Apple's restrictions on kids apps will hurt PBS, the broadcaster says

New App Store rules aimed to protect kids' privacy will be a blow to the network, which uses data to make its apps more effective educational tools, says PBS' CEO.

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Shelby Brown (she/her/hers) is an editor for CNET's services team. She covers tips and tricks for apps, operating systems and devices, as well as mobile gaming and Apple Arcade news. Shelby also oversees Tech Tips coverage. Before joining CNET, she covered app news for Download.com and served as a freelancer for Louisville.com.
  • She received the Renau Writing Scholarship in 2016 from the University of Louisville's communication department.
Shelby Brown
2 min read

PBS CEO Paula Kerger: "We're not selling stuff to kids."

Sarah Tew/CNET

The US Public Broadcasting Service faces challenges beyond the Trump administration's efforts to defund it. Paula Kerger, CEO of the nonprofit broadcaster, says PBS has now encountered an obstacle from Apple .

Kerger said Tuesday that a new restriction from the iPhone maker will limit how PBS can work with third-party developers and will ultimately harm the PBS Kids app. She made the remarks during a Recode conference in Arizona.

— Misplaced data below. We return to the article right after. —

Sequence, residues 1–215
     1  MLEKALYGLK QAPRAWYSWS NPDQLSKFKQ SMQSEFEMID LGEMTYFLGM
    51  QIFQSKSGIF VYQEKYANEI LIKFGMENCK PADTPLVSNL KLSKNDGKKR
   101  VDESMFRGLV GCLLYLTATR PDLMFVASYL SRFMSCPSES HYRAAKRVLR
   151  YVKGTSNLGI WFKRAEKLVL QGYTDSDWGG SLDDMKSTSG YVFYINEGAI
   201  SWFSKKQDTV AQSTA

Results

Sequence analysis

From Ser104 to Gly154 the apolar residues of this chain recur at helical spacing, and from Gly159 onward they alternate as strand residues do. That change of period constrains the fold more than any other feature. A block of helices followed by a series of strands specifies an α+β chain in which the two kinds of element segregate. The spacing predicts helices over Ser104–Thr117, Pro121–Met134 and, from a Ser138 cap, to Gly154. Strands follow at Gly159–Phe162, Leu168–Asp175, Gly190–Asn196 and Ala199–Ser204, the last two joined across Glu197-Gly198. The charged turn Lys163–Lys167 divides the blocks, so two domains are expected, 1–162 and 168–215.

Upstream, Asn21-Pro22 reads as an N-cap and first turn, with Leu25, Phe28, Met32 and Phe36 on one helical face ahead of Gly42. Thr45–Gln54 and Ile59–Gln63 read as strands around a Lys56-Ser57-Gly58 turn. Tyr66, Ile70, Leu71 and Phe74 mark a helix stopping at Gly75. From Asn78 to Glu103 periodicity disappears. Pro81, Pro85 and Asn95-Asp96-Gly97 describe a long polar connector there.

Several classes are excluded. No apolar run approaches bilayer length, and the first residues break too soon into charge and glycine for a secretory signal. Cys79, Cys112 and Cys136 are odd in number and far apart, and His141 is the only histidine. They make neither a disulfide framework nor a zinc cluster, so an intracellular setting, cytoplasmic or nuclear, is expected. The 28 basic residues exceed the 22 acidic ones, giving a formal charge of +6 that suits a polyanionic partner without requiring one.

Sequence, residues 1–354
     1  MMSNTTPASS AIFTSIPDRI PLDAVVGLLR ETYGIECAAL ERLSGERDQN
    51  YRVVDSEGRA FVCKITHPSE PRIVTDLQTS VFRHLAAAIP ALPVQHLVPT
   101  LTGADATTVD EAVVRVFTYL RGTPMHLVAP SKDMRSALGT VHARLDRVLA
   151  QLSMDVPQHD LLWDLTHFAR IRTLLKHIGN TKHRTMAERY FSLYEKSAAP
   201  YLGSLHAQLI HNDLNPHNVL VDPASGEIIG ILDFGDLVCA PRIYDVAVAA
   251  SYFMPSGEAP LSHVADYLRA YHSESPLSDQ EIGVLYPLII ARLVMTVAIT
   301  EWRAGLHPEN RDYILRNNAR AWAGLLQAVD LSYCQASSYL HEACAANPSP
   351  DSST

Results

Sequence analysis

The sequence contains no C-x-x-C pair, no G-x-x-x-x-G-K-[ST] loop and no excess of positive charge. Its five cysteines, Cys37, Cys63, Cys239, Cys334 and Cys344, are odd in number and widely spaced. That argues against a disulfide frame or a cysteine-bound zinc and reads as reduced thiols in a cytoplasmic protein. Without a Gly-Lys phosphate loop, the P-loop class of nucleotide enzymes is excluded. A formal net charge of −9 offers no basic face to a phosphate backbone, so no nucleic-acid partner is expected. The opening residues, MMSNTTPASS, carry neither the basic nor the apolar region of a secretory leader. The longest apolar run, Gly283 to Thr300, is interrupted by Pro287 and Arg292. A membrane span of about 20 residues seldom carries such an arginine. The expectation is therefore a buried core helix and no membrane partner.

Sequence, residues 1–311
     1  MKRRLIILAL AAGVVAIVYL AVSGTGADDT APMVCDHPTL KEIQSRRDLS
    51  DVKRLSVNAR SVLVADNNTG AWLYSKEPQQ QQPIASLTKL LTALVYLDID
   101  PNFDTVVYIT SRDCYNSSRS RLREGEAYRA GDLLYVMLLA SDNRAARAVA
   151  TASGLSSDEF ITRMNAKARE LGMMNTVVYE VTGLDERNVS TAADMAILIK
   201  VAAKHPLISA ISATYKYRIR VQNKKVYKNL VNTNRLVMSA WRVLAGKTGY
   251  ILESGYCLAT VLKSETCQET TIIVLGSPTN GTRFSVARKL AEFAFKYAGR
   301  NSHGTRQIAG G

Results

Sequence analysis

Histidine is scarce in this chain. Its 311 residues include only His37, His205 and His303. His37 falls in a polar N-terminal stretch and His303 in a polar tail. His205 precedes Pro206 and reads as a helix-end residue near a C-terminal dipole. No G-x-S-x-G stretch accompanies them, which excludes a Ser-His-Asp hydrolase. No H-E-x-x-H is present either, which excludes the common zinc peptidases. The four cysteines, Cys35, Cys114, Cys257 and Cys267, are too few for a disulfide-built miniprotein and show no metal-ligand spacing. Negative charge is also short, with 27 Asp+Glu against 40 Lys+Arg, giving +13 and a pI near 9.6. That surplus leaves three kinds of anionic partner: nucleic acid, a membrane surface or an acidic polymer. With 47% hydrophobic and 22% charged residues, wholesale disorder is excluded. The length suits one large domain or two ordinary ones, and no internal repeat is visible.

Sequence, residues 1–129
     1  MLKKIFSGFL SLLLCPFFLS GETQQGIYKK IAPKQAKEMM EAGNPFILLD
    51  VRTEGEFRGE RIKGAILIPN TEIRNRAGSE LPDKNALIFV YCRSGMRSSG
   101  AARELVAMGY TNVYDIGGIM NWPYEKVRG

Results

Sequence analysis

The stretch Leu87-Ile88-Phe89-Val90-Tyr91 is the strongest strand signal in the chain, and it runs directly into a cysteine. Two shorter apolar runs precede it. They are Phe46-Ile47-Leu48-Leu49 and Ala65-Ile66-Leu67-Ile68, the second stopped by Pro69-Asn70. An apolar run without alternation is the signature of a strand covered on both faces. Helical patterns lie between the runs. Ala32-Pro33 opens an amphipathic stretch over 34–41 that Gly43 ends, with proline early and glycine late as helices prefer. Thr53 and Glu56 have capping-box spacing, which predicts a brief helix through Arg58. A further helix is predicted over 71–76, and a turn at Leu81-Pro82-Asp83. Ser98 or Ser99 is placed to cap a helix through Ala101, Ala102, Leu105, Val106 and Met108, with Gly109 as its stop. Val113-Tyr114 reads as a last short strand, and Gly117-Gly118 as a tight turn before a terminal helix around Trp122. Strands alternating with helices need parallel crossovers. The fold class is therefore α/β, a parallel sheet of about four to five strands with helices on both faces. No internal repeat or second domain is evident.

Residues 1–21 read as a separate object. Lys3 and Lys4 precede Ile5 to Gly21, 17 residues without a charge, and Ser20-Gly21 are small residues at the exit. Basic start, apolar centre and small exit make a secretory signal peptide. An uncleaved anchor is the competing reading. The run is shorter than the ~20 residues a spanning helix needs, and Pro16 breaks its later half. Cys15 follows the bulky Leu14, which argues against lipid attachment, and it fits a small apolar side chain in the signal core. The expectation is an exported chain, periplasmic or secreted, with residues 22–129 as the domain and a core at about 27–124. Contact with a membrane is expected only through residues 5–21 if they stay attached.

Apple plans to limit third-party tracking in apps listed under the kids category in the App Store. The decision, which goes into effect Sept. 3, is meant to protect younger users. 

But Kerger said PBS uses the data to make its apps more effective as educational tools, she said.

"We're not selling stuff to kids," said Kerger.

If Apple's new guidelines kick in as planned, Kerger said, PBS Kids will have to be taken down.

"We have millions of kids that are using our apps, so it's a challenge," Kerger said.

PBS is talking to Apple about the restrictions. PBS and Apple didn't immediately respond to a request for comment.

PBS encountered similar issues with Facebook and Google prior to Apple's rule changes, according to Kerger. In 2018 as part of an effort to fight propaganda, Google-owned YouTube proposed labeling content from broadcasters that receive government funding. Critics said the move could set PBS alongside networks like Russia's RT. A PBS spokesman said at the time that the policy "could wrongly imply that the government has influence over PBS content, which is prohibited by statute."

Kerger said PBS has also had trouble with Facebook. The social media site labeled the broadcasting company's content as political ads. PBS had to remove the content, and it took nine months for the issue to be resolved, she said. 

YouTube and Facebook didn't immediately respond to requests for comment. 

"We love working with all these platforms," Kerger said. "It gives us amazing reach. Talk to us. Sit down and talk to us."

In addition to the new rules against third-party tracking in apps, Apple is also doubling down on iOS parenting apps. Apple said the decision to remove parental control apps was for security reasons.

Originally published June 13, 8:50 a.m. PT.
Updates, 11:13 a.m., 1:36 p.m.: More background details included.